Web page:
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Kenya Mchana Natural (Single Origin Espresso)

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About This Single Origin 


Kenya Mchana Natural
ROAST:  Espresso Roast
PROCESS: Natural
REGION: Kiambu

ELEVATION: 1800-1900

VARIETAL: SL28, K7, Ruiru 11 & Batian

CUP: Blackberry, Sultanas,Brown sugar

The Mchana Estate is located in the Kiambu county in Kenya. The coffee cherries are harvested between 1800-2550 MASL with an average temperature that ranges from 13-25 degrees celsius.

Mchana has a labor for of 172 permanent worker who comprise of tractor drivers, lorry drivers, watchmen, pump operators, mechanics and general workers. The casual workers range from 200 to 1200 per day depending on the season. The highest is during the peak picking season. There is a well-laid health and safety measures that ensure the workers work in a safe and healthy environment. Workers below 18 years of age are not engaged. Issues to do with sexual harassment are not allowed in the Estate. The management does not prevent workers of diverse religious sects to don their religious attire. Labor allocation is free of tribal discrimination and all workers are treated equally regardless of their backgrounds.
There is a crèche that takes care of young babies when their parents are at work. A day baby care unit is also available and a trained qualified teacher handles the children. The children are also provided with high energy nutritious meals that are well balanced to cater for their nutritional needs during their rapid growth.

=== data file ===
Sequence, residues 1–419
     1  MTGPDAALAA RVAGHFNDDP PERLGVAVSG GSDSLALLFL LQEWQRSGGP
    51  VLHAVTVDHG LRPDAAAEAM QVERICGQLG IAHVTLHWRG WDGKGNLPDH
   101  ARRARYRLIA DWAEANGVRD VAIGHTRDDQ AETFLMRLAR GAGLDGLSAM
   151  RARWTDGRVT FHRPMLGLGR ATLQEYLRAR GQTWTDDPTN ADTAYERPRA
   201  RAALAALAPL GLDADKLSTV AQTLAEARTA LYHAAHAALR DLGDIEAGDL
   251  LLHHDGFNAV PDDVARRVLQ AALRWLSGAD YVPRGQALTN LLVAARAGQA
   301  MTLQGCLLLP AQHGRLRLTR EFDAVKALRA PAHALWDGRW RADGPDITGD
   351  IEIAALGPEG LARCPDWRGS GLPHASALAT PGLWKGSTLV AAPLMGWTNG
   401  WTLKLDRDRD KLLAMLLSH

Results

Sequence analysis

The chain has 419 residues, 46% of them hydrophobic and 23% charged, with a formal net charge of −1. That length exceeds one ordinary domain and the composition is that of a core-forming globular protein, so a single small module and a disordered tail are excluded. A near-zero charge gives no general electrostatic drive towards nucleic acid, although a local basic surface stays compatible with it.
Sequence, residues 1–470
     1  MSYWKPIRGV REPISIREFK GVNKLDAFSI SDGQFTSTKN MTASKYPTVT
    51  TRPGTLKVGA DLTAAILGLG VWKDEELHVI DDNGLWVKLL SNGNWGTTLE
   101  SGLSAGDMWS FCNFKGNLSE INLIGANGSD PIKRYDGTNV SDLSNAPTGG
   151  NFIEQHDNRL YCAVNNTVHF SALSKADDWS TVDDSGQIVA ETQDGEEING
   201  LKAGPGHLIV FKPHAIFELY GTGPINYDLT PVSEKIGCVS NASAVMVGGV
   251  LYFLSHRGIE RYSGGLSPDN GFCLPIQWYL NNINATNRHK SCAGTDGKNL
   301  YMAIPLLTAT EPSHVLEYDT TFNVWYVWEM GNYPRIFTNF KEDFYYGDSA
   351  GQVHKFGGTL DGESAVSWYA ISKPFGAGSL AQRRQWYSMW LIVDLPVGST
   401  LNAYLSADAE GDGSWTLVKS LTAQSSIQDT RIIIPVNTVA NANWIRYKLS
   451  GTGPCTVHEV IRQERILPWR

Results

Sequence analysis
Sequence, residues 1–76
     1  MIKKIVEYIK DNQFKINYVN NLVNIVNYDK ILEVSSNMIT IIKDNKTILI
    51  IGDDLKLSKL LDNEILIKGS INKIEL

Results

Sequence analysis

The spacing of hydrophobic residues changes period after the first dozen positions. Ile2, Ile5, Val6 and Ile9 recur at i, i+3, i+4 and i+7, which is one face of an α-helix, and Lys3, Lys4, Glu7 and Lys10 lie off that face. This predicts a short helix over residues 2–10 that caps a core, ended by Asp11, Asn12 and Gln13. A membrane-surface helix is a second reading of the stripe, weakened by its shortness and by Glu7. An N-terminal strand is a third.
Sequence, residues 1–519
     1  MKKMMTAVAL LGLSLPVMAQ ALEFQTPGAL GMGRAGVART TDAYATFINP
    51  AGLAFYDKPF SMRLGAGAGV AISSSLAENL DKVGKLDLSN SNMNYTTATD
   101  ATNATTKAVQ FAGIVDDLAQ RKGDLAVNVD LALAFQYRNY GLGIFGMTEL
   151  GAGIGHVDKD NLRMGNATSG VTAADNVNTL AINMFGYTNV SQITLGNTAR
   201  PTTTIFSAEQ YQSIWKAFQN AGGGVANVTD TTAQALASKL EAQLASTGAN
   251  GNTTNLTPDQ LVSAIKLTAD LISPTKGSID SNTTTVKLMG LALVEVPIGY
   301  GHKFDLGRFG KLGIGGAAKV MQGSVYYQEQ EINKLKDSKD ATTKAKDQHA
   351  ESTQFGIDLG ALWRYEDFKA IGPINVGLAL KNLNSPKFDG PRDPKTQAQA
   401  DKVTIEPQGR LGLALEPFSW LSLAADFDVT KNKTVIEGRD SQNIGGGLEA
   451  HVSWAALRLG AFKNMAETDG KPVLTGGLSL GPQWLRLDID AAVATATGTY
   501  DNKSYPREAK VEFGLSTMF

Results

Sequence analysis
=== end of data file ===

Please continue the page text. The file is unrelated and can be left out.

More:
In addition to that, there is a primary school by the name Ngewe Primary which caters for children of the permanent workers living in the estate and those others from outside.
The workers are allowed to join any labor union groups and other Savings and Credit Cooperative societies to improve their livelihoods. A strong and well trained Occupation Health and Safety committee is in place to cater for workers’ safety issues at workplace.
In addition, workers are sensitized on the H.I.V./AIDS issues as well as issues to do with the education of their children. This is done in the general workers’ meetings they are allowed to hold.

They also keep a close catalogue of the coffee varieties that they are harvesting. SL28 makes up the majority (74.1%) of the varietals grown here, followed by Ruiru (23.7%), K7 (1.7%) and Batian (0.05%). This means that given the natural process of this coffee, you are mostly tasting the SL28 variety, which is as classic as a Kenyan coffee can come.